Sven Beckert.  The Monied Metropolis: New York City and the Consolidation of the American Bourgeoisie, 1850-1896.  New York: Cambridge University Press, 2001. 

      New York City’s upper class, according to Sven Beckert, rose to economic dominance and united into a distinct social class between 1850 and 1900.  Beckert examines how this upper class elite, which he refers to as the bourgeoisie1, obtained power through the ownership of capital in order to become “structurally dominant”.2  His main argument, and where he departs from other scholars in this field, is that the New York bourgeoisie, comprised of bankers, industrialists, and professionals, evolved to become one, defined, self-conscious group by the end of the 1890’s.  Although Beckert highlights both the instability of this elite group, caused by the lack of aristocracy coupled with constant social mobility, and its diversity of nationalities, religious and political beliefs, Beckert maintains that the coherence within the bourgeoisie eventually overcame these various differences to become one unified class.3 

      Beckert frames his narrative with a description of Bradley and Cornelia Martin’s costume ball held at the Waldorf-Astoria Hotel on February 10th, 1897.  The Martin’s seven hundred guests, composed of professionals, merchants, bankers, and industrialists, came to the ball adorned in satin and precious gems and dressed as famous nobility, such as Louis XIV and Marie Antoinette. Given the ball’s lavishness, opulence, and its timing, held during the most severe depression of the 19th century, it attracted significant media attention and quickly became a popular topic of discussion among the general public.   The Martins defended the ball by claiming that it would “give an impetus to trade”4, the general sentiment against such a rationalization during an economic depression prompted increased security for the ball, including boarding up the first floor hotel windows, to ward off “thieves or…men of socialist tendencies”5.  For Beckert, the Martin’s ball serves as an overarching metaphor for the structural class framework that he applies to this study of the making of the bourgeoisie.  The ball demonstrates the shift away from the elite’s belief in frugality of 1850’s to its indulgence in decadence of the 1890’s.6  And perhaps most profoundly, the ball illustrates the increasingly conscious delineation between the classes, represented by the bourgeoisie’s action of literally shutting out the working class from the ball by boarding up the hotel windows.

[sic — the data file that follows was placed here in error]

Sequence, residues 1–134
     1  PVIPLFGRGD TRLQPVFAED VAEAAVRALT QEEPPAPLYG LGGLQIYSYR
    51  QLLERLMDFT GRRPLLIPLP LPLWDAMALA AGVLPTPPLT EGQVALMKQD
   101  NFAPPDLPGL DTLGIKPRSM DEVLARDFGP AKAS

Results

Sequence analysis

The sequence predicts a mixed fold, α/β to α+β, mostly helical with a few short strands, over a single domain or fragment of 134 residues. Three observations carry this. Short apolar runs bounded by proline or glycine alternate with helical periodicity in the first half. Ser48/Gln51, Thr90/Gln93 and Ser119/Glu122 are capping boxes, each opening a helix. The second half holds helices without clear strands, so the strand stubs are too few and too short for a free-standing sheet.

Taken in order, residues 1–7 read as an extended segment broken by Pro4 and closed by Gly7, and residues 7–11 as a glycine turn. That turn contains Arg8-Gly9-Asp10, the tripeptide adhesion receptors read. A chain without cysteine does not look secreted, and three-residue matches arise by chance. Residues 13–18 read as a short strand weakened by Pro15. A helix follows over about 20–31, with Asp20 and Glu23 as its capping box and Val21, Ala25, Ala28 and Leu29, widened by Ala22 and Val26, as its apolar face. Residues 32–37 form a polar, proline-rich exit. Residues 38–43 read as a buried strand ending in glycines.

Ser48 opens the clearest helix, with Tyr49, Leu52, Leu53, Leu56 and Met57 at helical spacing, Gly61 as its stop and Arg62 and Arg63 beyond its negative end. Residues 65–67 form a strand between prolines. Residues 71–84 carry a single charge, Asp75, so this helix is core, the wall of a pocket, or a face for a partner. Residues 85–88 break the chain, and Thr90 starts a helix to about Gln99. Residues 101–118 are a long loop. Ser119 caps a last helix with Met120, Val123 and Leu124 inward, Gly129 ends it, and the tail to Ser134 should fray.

In The Monied Metropolis, Beckert employs a “class-formation approach”7, which maintains that the notion that class functions on many related levels (levels such as overall economic structure, social organization, and collective actions of the elite) is essential to understanding the emergence of the bourgeoisie.  Using this approach, Beckert assigns equal significance to social behaviors at balls as to changes in incorporation law in terms of what they illuminate about the formation of the economic elite.8 Beckert argues that the bourgeoisie became more consolidated in reaction to working class formation.9  His methodology applies the class-formation approach to analyze the making of the bourgeoisie during three time periods; the 1850’s, the 1860’s, and 1873-1896, and he organizes the book into three sections reflecting this chronological scheme.